I have three days of Palladium-Times newspapers sitting on my dining room table. Maybe I’ll get to read them today. Maybe not.
Does this sound like your life? Maybe it does. If not, that’s great. If it is, that’s OK too.
I get the feeling that more and more of us are doing more and more, and the blurred line of working from home — and, in the case of parents, also doing some variant of home-schooling — is making our whole lives a blur.
If you feel like a wreck, please know that you’re not alone. We’re a tribe of wrecks. A nation of wrecks. A world of wrecks. Embrace your wreck and your attempts at fixing things as well as you can. We can get through this together.
I am reading “There There” by Tommy Orange and thinking about a girl named Heather I knew in second grade.
“There There” is our Oswego Reading Initiative selection and it’s an engrossing book on the perilous and haunted plight of a dozen Native Americans whose lives are intersecting. It’s a reminder that we have been, putting it bluntly, awful to the first inhabitants of this continent. I’ve seen it personally: One day in class Heather talked of her Native American heritage and, in a sphere of ignorance and cruelty, kids started picking on her. I stood up for her, and I got picked on too.
Heather and her family moved away. I don’t know if that was related. As much as I got bullied, I still lived in white privilege, even not knowing what it was at the time. I could go places and not be judged or scorned by the simple calculus of looking like everybody else.
Those same natives that Americans have been so horrible to for centuries have been very good to my child. Amy is an accountant for the Oneida Nation, so in a country where we displaced so many natives from their homes, the Oneida tribe contributes to the roof over my son’s head.
One summer, he went to the Oneida Indian Nation Early Learning Center, where he learned the Oneida language and sang wonderful songs in it at their graduation ceremony. Arius has friends who are Oneida, but he wouldn’t think of picking on them because they’re all just kids in his eyes. Our children are better than us.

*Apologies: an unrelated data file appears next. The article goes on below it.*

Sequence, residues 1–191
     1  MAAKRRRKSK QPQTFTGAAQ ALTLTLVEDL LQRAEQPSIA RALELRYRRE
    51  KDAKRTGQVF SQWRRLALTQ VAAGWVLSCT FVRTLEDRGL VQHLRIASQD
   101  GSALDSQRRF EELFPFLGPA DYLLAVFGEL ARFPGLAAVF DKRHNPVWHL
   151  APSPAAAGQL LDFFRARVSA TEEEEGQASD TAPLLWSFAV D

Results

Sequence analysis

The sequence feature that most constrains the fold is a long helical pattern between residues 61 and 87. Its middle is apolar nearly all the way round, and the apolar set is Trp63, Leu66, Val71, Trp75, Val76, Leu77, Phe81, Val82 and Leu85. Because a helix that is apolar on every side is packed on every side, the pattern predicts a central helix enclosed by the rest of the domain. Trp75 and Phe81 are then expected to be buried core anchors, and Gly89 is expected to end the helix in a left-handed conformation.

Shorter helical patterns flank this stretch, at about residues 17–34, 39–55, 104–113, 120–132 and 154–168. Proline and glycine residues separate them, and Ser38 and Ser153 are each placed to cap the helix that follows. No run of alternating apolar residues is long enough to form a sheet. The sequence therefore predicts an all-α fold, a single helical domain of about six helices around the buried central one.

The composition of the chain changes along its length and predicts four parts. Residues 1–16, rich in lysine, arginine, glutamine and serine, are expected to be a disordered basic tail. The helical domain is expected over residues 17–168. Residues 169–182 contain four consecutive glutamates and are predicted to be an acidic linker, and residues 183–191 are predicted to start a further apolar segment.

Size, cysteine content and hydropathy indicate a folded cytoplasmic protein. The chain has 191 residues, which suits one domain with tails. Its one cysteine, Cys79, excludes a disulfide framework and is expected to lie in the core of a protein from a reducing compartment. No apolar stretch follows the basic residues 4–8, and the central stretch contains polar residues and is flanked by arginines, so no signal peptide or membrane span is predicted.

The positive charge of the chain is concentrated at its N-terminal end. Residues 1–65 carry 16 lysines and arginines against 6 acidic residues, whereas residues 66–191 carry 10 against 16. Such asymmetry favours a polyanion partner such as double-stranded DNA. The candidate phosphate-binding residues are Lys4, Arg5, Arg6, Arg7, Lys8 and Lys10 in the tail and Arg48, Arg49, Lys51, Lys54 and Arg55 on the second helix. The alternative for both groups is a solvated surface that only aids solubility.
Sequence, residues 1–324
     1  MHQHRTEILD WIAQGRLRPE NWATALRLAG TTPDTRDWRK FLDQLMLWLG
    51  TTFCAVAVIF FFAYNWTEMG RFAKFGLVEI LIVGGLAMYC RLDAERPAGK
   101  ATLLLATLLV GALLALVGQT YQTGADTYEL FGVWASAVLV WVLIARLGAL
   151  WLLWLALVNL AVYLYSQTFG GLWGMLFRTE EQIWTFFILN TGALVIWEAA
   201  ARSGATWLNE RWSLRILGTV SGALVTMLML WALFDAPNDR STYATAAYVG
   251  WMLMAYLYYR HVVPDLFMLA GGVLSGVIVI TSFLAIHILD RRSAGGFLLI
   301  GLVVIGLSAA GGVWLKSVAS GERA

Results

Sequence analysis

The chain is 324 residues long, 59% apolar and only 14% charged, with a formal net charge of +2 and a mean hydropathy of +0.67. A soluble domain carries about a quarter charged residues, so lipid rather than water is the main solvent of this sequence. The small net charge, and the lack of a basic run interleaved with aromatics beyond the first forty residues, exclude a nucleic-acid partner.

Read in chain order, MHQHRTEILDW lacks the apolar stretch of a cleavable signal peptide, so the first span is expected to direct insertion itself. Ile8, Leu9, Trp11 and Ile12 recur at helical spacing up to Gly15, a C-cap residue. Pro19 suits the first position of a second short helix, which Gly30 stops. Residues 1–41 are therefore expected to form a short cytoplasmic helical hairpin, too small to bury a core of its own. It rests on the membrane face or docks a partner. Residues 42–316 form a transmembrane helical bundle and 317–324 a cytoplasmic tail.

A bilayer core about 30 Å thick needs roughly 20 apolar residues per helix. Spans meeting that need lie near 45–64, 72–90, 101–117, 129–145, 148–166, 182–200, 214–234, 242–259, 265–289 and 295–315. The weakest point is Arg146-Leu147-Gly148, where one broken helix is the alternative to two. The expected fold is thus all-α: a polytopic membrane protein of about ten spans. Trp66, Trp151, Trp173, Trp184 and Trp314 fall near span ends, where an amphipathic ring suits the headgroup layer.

I’m reading “There There” because I’m serving as the interviewer when Orange does a virtual talk with the campus community on Sept. 30, so I need to ask questions that sound intelligent. It’s not an easy or feel-good topic, which means I can ask questions about his characters and what inspires him, but we also need to talk about Native Americans and all that has happened to them, and where we can go as a nation to be truly inclusive.
And I’ll be thinking of Heather. Wherever you are, I’m sorry I couldn’t do more to help you, and I hope you’re doing well. We all have to do a lot better, but reading and the kind of dialogue we’ll try to have on Sept. 30 will at least point us to a better “there” in our respective journeys.
I sat on the porch swing last night as a cool breeze drifted across the dusky evening. It felt like an apt elegy for what sometimes seemed to be The Summer That Never Was.
Today begins New Faculty and Staff Orientation. First-year students have moved on campus. Classes start in a week, which is when I have to start producing a daily e-newsletter again. In a few weeks, my son begins something resembling third grade. I may or may not have finished a syllabus.
Sure, we had hot summer weather. But I didn’t get much resembling vacation. No visit to the Adirondacks. No random road trips. Didn’t see a lot of sunsets. Didn’t spend nearly enough time at the lake. On a quick accounting, it seems like the weirdest summer of my life drifted through like a ghost.
But that’s not true. Good things happened too. I’ve never spent a summer playing so much music. I played the Turtle Cove open mic many weeks, and had some wonderful jams (including today) at the Sterling Cidery. Made some new friends, deepened some existing relationships.
While we didn’t travel much, my son and I still had a lot of small adventures, most of them stories written in his head. It’s true that imagination can take you anywhere, and it’s so wonderful to see how clever and creative he can be.
So long sweet summer, as Dashboard Confessional once sang. I stumbled upon you and gratefully basked in your ways/So long sweet slumber/I fell into you now you’re gracefully falling away/Hey thanks, thanks for that summer.